Study identification

A total of 219 citations were screened manually for SSI and studies those did not include rates of SSI were excluded. After final review, 12 studies were included for analysis of SSI however for TCS vs NCS efficacy, only 1 study was included.

Included studies

Twelve out of 10 studies were prospective and 2 studies were descriptive (Table 1). The total number of patients included for SSI analysis were 13,847 (Table 1). For TCS vs NCS efficacy, only 1 study was available (Table 1). The total number of patients (n=284) were included in the TCS vs NCS efficacy study. The study compared Polyglactin 910 suture without triclosan coat (VICRYL) Vs Polyglactin 910 suture with triclosan coat (VICRYL Plus). Out of 12 studies, 11 studies followed CDC guidelines of wound infection and within a 30-day time frame following surgery. Wound infection guidelines were not available for 1 study.

Table 1
First author Year Study Design Setting Category
Bangal et al.1 2014 Prospective observational Tertiary care hospital in the rural area of central India L-hysterectomy
Pathak et al.3 2017 Prospective Chandrikaben Rashmikant Gardi Hospital, Madhya Pradesh L-hysterectomy C-section
De et al.21 2013 Prospective Lady Hardinge Medical College and Smt. Sucheta Kriplani Hospital, New Delhi C-section
Priya K et al.19 2016 Prospective Meenakshi Medical College and Research Institute, Kanchpurum, Chennai C-section
Dahiya et al.18 2016 Prospective observational Dr Baba Saheb Ambedkar Hospital, Rohini, New Delhi C-section
Shah et al.18 2015 Prospective observational Kokilaben Dhirubhai Ambani Hospital and Medical Research Institute, Mumbai L-hysterectomy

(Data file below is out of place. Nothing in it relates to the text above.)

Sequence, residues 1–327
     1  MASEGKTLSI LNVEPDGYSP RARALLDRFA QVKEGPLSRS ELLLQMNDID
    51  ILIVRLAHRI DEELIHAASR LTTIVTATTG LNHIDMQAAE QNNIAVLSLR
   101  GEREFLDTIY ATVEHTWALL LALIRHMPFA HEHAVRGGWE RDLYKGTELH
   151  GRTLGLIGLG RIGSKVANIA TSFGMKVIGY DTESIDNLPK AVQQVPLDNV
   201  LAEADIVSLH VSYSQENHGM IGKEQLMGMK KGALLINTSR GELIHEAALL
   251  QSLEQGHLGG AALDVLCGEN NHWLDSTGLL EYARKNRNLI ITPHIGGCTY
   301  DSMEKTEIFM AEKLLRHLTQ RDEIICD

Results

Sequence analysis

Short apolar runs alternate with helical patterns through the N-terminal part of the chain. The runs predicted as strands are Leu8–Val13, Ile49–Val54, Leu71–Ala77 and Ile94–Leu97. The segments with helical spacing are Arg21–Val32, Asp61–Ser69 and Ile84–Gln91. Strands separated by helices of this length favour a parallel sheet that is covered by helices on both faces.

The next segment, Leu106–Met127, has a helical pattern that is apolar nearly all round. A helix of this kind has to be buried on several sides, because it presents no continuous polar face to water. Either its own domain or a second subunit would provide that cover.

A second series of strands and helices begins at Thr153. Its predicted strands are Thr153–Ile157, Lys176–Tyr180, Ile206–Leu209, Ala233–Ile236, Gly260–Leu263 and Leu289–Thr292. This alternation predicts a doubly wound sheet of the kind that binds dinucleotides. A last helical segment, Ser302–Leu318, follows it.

Chada et al.20 2017 Prospective cross-sectional Narayana Medical College and Hospital C-section
Naphade and Patole27 2017 Prospective longitudinal Dr. Vasantrao Podar Medical College Hospital and Research Center, Nashik L-hysterectomy
Sujatha and Sasikumari26 2017 Descriptive Sree Avittam Thirunal Hospital, Thiruvananthapuram C-section
Swain25 2014 Prospective descriptive A tertiary teaching hospital in Odisha, SUM hospital C-section
Vijayan et al.24 2016 Descriptive Tertiary care and teaching center, Dept of Ob/Gyn Government MCH, Kottayam, Kerala C-section
Singh et al.23 2014 Cohort prospective surveillance 12 hospitals in 6 Indian cities L-hysterectomy
Hara et al.22 2017 Retrospective - TCS Vs NCS

Studies included for analysis of SSI Incidence, and efficacy and cost-effectiveness of TCS

SSI Rate Analysis

We calculated the SSI incidence rate from Indian studies for 2 Ob/Gyn surgical procedures (C-section and L-hysterectomy). We used SSI incidence ranges (lowest to highest) (Table 2).

Table 2
Specialty Surgical procedure Low SSI Incidence (%) Median SSI Incidence (%) High SSI Incidence (%)
Ob/Gyn C- Section 3.77 7.94 24.2
L-hysterectomy 2.28 6.51 11.7

SSI Incidence rates in India

Efficacy Rate Analysis

Due to limitation of the number of studies, the analysis of efficacy rates of TCS (median and ranges) were calculated from 1 global study for Ob/Gyn surgical category and included in our study analysis (Table 3).

Table 3
Surgical Specialty No. of studies Efficacy of TCS vs NCS (median) Upper end Lower end
Ob/Gyn 1 51% 61%* 41%*

Efficacy of TCS vs NCS (ranges) for Ob/Gyn

[i] *These values are ±20% of the median efficacy for Ob/Gyn category

Cost analysis

Cost data were obtained for L-hysterectomy and C-section from both private and public hospitals. We have considered opportunity cost as loss of surgical package based on bed occupancy.

Decision tree analysis model presented in Figure 3 was used to calculate the costs associated with the use of TCS and NCS. The difference in total cost for each suture type was represented as the model output.

For L-hysterectomy and C-section surgeries with TCS at private and public hospitals, at risk of SSI (41%, 51%, and 61%), cost savings were observed at all efficacy values. Cost savings were increased with an increase in SSI incidence and efficacy with the use of TCS (Table 4). Considering the introduction of Ayushman Bharat scheme for L-hysterectomy and C-section (surgical package cost of INR 9000), cost savings were observed across all SSI risk and efficacy levels.